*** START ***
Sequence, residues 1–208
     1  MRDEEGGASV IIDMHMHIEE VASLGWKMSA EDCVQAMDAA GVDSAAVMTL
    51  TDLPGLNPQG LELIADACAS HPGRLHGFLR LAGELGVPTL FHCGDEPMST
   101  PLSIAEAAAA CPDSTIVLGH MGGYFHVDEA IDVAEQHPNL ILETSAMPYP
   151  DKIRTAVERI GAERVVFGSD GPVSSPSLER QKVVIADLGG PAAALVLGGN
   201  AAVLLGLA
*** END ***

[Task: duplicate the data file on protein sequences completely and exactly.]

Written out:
Sequence, residues 1–208
     1  MRDEEGGASV IIDMHMHIEE VASLGWKMSA EDCVQAMDAA GVDSAAVMTL
    51  TDLPGLNPQG LELIADACAS HPGRLHGFLR LAGELGVPTL FHCGDEPMST
   101  PLSIAEAAAA CPDSTIVLGH MGGYFHVDEA IDVAEQHPNL ILETSAMPYP
   151  DKIRTAVERI GAERVVFGSD GPVSSPSLER QKVVIADLGG PAAALVLGGN
   201  AAVLLGLA